In October 1877, after leading some 750 followers on a flight of more than 1,500 miles, a weary, dispirited Chief Joseph surrendered in Montana. With simple eloquence, he ended his surrender speech with the words, “Hear me, my chiefs, I am tired; my heart is sick and sad. From where the sun now stands, I will fight no more forever.”
Bailey, however, was not around to hear it.
“H.L. Bailey, 21st Infantry, volunteered to carry dispatches from Howard’s command, near the Bitter Root, to Wheaton’s command, near the Spokane River. With a half-breed as a guide and no escort, Lieut. Bailey made the trip, a distance of 225 miles in six days. Good traveling for a new West Point graduate,” the Walla Walla (Washington Territory) Union wrote in a story reprinted in Lima’s Gazette on Sept. 29, 1877.
“Parts of my lonely journey was very difficult,” Bailey wrote in a letter published in mid-November in both the Democrat and Gazette, “and attended with passion from the threatening Pend d’Oreille (literally “ear ring, one of several tribes loosely designated Flathead Indians) who might have had my arms and ammunition for the shooting of me.”
In the same letter, Bailey wrote, “Thus, you see, my dear home, I have crowded into my first year’s service sufficient to lay the foundation of a dozen nursery tales or a dozen dime novels.”
Not all Bailey’s letters contained the stuff of fairy tales or dime novels. In a letter published in both the Democrat and Gazette in July 1878, he wrote from a temporary posting at Umatilla, Oregon, on the Columbia River.
“Umatilla is worse than any place I can refer you to for comparison,” Bailey wrote. “A couple of dozen houses, streets blocked by great drifts of sand; society mainly rough teamsters and Indians; weather, intense heat or intense cold; and biting, stinging sand or gravel driven by winds that gain great velocity in sweeping over a desert of sand and low sagebrush… As I write the wind is vying with the swift Columbia in giving a mournful dirge – a dreary monotonous wail.”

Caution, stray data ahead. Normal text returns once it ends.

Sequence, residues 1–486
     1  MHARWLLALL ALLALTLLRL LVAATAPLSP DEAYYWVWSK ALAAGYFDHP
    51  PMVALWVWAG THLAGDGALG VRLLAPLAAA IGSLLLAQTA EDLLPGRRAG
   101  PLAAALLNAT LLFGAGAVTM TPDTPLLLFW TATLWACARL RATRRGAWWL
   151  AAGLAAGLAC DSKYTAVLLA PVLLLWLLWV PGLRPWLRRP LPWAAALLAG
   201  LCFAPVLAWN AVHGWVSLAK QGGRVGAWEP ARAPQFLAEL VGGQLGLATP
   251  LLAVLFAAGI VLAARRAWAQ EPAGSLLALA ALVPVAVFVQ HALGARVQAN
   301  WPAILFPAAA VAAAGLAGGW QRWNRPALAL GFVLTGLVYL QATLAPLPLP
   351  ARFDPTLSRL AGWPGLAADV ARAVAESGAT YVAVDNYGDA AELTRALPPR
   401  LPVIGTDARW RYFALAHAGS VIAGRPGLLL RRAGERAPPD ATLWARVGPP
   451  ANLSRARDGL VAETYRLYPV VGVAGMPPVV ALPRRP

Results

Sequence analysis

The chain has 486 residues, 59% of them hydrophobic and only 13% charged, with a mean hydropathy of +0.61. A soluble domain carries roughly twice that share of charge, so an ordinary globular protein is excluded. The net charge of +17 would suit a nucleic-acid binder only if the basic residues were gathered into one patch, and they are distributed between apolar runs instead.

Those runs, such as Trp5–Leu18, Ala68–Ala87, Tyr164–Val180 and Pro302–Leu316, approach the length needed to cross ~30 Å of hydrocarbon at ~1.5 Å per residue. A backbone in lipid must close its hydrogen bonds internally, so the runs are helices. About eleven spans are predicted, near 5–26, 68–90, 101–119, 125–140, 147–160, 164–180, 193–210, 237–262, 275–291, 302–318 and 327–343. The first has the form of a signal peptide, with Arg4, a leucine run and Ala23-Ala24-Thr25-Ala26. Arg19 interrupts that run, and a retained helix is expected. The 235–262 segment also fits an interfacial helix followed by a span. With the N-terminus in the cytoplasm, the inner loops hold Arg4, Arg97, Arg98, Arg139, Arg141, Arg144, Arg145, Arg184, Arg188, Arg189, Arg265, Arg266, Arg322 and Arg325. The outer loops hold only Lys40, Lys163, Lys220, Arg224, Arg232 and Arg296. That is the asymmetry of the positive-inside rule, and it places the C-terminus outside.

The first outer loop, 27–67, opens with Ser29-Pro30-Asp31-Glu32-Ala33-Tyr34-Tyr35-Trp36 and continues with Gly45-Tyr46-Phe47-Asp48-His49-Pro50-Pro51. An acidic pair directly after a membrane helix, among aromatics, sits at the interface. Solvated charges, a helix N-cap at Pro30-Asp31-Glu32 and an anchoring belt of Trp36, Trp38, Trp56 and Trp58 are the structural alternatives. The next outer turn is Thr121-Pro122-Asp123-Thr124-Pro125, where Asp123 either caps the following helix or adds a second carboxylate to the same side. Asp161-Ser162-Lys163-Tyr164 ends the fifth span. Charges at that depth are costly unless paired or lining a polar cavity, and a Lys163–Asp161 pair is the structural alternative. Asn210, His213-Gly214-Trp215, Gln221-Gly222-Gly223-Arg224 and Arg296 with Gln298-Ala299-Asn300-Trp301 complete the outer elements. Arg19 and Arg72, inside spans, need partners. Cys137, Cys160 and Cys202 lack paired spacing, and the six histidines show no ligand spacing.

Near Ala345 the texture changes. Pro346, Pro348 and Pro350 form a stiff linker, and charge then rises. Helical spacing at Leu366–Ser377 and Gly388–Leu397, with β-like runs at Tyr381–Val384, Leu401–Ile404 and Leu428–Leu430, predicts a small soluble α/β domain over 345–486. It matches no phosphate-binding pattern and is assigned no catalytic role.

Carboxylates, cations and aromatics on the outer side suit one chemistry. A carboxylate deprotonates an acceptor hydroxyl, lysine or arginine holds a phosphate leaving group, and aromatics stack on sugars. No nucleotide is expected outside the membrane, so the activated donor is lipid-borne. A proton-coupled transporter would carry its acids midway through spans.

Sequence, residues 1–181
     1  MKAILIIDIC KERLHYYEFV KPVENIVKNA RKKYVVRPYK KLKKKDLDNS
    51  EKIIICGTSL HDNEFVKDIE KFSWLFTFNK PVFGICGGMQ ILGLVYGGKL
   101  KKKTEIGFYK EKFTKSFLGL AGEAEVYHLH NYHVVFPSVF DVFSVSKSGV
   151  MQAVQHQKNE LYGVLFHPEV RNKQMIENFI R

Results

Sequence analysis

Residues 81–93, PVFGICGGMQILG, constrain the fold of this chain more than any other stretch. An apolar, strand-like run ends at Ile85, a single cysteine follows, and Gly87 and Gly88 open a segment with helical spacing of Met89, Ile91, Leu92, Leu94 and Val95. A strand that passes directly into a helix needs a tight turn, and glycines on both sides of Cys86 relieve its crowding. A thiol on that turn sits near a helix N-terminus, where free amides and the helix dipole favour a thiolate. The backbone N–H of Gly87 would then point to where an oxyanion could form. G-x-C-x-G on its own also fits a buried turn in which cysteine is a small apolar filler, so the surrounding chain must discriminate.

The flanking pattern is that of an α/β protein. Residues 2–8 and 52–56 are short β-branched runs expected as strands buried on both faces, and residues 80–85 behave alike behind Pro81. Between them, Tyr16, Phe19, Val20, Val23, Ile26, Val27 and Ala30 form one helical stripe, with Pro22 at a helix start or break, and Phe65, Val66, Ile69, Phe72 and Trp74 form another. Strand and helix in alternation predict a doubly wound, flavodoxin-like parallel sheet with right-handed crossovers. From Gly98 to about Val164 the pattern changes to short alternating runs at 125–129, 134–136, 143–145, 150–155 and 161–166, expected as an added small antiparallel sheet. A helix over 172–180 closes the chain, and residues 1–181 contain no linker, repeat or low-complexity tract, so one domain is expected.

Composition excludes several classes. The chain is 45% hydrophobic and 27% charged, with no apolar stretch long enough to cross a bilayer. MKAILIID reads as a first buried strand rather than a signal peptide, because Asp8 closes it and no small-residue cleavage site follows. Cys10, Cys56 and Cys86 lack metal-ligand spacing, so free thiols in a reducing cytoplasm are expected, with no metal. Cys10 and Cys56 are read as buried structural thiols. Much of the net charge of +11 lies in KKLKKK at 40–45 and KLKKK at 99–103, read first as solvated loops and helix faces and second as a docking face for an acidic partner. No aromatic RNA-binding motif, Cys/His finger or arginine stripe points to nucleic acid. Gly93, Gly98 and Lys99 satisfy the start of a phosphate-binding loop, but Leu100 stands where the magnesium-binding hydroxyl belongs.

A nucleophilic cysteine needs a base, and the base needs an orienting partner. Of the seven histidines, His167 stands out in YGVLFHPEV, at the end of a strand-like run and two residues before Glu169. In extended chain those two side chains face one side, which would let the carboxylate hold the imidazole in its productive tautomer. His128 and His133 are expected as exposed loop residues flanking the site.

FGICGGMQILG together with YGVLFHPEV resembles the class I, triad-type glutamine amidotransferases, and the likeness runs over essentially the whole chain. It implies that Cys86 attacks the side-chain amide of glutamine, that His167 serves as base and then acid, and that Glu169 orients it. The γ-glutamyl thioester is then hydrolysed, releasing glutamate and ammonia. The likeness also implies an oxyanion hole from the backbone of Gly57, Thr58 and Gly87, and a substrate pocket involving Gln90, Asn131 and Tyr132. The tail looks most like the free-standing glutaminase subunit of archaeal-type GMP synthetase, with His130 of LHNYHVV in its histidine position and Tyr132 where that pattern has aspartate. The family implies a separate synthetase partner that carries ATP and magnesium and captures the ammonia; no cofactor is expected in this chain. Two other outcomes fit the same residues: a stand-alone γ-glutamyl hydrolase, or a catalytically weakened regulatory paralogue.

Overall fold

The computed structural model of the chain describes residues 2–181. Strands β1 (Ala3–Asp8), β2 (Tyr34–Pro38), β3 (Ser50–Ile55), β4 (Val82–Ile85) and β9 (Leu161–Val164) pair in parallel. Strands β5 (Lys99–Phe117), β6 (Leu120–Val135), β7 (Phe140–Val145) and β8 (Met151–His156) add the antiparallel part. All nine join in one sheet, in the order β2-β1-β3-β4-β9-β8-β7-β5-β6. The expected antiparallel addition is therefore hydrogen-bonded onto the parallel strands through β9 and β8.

That summer, Bailey served with a force that quickly put down an uprising by the Bannock Indians in Idaho, although Bailey feared a long struggle.
In a letter dated June 19, 1878, which appeared in both the Democrat and Gazette in July 1878, Bailey wrote, “The prospects for the troops in the fields is a long campaign. Our forces are entirely too small,” adding, “The bloodcurdling war whoop of savages does not disturb the millions of people in the Eastern states and so they can reduce the skeleton army with an easy, quiet conscience, save a few cents apiece and proudly proclaim, ‘Westward the course of empire takes its way.’”
Bailey would go on to serve 34 years in the Army, retiring in 1910 as a lieutenant colonel. In addition to his early campaigns in the Northwest, he served in Indian Territory disturbances in 1885, and, later that same year, miners’ riots in Wyoming. During the Spanish-American War, he served at the siege of Santiago in Cuba and later fought in the Philippines.
He was married twice, the first time as a young officer serving in the West. Her name was Clara Estelle Myers, and Bailey remembered her in a 1922 letter to Isabel Mackenzie, a classmate at Lima High School as “a beautiful bride, who was with me in those busy days as a poor lieutenant in the little army.” After Clara Estelle’s death, he married Josephine Foss in 1902. She had two daughters, Florence and Evelyn.
After his retirement from service, Bailey spent most of the remainder of his life in Massachusetts, Kansas and the Panama Canal Zone, where he and his wife lived with his stepdaughter, Evelyn, and her husband, Major James Allan Stevens and their daughter, Jo Ellen, who Bailey often referred to as “sweet Jo El.” His stepdaughter Florence was married to Lima physician George R. Clayton.
He remained a prolific letter-writer until his death in September 1934 at Fort Monroe, Virginia, writing frequently to former Lima High School classmates Mrs. A.T. MacDonell, Isabel Mackenzie and Oliver Boston Selfridge Jr.
Reach Greg Hoersten at firstname.lastname@example.org.